Landlords making a profit from their rentals have outnumbered negatively geared property owners for the first time since a change to capital gains tax in the late 1990s, thanks to record-low interest rates.
Data showing that more than half of the country’s landlords earned a profit in the first full financial year of the COVID-19 pandemic has emerged during a heated political and economic debate over the gains enjoyed by landlords amid soaring rents and record low vacancy rates.
The Australian Taxation Office data released on Thursday reveals there were a record 2.2 million landlords across the country in 2020-21 when the Reserve Bank sliced official interest rates to 0.1 per cent.
Of them, 1.2 million (or 53 per cent) either made a profit or did not lose money. Another 1 million lost money on their property – the smallest number of negatively geared landlords since 2005-06.
It’s the first time more landlords earned a profit than made a loss since the Howard government introduced a 50 per cent discount on capital gains tax for assets owned for more than 12 months.
The move was expected to fuel investment in equity markets but instead drove an influx of small-scale landlords who were prepared to make a loss on their holding in a bid to make a substantial, but lower-taxed, capital gain later.
The proportion of negatively geared landlords peaked at almost 70 per cent in 2007-08. At the time, the Reserve Bank had taken the official cash rate to 7.25 per cent, just ahead of the start of the global financial crisis.
Combined, landlords made $3.1 billion from their properties in 2020-21. The previous year, they lost $240 million while as recently as 2012-13 they lost $5.5 billion.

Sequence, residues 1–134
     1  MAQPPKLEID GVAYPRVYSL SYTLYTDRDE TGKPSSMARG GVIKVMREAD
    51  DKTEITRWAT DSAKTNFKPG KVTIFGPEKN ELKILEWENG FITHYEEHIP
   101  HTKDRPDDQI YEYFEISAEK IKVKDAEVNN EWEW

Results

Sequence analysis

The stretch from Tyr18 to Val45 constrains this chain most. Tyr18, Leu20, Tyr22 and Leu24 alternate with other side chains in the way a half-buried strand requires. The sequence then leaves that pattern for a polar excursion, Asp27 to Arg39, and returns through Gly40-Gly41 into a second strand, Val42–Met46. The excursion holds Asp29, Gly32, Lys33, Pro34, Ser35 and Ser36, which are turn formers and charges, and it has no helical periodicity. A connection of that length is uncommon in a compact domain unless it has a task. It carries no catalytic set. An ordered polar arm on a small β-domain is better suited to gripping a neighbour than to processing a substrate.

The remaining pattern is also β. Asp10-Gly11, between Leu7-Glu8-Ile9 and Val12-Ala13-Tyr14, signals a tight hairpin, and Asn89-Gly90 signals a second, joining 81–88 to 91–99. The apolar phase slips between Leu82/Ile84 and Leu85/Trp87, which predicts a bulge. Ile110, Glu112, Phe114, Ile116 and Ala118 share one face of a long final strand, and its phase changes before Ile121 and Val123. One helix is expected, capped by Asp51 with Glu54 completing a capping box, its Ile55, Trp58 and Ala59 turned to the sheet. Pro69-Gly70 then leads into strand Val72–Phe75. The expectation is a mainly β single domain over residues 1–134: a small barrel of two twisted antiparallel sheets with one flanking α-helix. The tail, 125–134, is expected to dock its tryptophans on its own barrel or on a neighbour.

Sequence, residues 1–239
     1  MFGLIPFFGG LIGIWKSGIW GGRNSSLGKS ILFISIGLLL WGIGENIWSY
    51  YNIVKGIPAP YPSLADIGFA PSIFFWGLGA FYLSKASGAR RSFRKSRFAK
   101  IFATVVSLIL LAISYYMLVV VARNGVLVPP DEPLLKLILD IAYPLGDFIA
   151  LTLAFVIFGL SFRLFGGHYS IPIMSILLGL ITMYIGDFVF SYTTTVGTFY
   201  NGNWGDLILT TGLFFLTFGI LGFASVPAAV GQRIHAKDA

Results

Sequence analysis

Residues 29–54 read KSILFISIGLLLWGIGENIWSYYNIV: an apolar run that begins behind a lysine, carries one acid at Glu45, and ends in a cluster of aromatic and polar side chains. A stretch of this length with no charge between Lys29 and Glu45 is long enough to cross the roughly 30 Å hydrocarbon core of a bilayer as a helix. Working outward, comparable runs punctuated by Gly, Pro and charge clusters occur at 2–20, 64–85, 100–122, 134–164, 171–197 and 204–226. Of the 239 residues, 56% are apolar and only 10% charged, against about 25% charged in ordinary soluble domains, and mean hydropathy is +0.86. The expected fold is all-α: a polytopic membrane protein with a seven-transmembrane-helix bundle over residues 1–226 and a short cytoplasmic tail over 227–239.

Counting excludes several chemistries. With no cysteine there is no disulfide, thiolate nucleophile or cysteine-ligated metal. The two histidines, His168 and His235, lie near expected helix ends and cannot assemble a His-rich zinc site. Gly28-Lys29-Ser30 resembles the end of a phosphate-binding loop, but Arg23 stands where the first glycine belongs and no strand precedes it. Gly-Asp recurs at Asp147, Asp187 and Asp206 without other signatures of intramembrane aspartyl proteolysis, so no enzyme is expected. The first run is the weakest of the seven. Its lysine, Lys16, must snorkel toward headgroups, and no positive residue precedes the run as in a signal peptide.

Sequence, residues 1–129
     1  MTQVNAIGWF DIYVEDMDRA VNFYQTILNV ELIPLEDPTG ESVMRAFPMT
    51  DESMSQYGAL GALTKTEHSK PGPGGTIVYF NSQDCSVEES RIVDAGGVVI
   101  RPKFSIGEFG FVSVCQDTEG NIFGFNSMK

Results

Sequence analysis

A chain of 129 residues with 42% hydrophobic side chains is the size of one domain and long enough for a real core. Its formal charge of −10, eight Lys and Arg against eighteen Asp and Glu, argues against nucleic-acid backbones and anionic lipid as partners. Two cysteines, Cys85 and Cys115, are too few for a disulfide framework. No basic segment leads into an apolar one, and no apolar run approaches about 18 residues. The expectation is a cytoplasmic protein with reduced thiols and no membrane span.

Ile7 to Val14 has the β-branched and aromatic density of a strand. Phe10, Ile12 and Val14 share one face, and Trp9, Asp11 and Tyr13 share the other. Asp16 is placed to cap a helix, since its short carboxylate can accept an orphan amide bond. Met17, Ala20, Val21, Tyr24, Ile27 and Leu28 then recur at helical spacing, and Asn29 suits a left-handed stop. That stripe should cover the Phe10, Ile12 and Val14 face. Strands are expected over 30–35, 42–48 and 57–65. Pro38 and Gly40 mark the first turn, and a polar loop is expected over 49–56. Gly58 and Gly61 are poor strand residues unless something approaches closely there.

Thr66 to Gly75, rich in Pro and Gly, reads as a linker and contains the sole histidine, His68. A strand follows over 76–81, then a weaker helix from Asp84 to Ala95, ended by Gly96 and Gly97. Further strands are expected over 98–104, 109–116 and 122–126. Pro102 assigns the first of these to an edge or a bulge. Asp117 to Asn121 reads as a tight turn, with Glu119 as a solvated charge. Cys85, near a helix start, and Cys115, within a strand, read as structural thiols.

The turnaround was due to the fall in interest rates on mortgages over rental properties. Interest is the single largest expense claimed by landlords.
In 2020-21, landlords claimed $17.6 billion in interest costs. The previous year they claimed $21.7 billion.
During COVID-19, states introduced a variety of caps or freezes on rents. This resulted in total rental income increasing by less than 1 per cent to $47.4 billion.
But real estate agent commissions increased by 2.6 per cent to a record $3.2 billion.
Of all landlords, 1 million of them are based in NSW, where more than 60 per cent were positively geared. They made $5 billion in net rental income for the year while the remaining 40 per cent lost a combined $2.5 billion.
Separate CoreLogic data released on Thursday reveals that in more than 44 per cent of the nation’s rental markets, rents had climbed by more than 10 per cent over the past 12 years. It’s the strongest rental increase on record for the country’s capital cities.
The research, which covered 3812 markets, showed rent increases of more than 10 per cent in almost 1700 of them. Just 6.7 per cent had recorded a fall in rents.
CoreLogic economist Kaytlin Ezzy said there had been a slight slowdown in the overall pace of rents through May, but this was being driven by a drop-off in regional markets.
“Regional rental growth has slowed dramatically from a year ago while capital city rents were up 1 per cent in May,” she said.
“When you break that figure down further by property type, we can see the unit sector is under the greatest pressure, with rents increasing at a faster rate than houses due to their relative affordability.”
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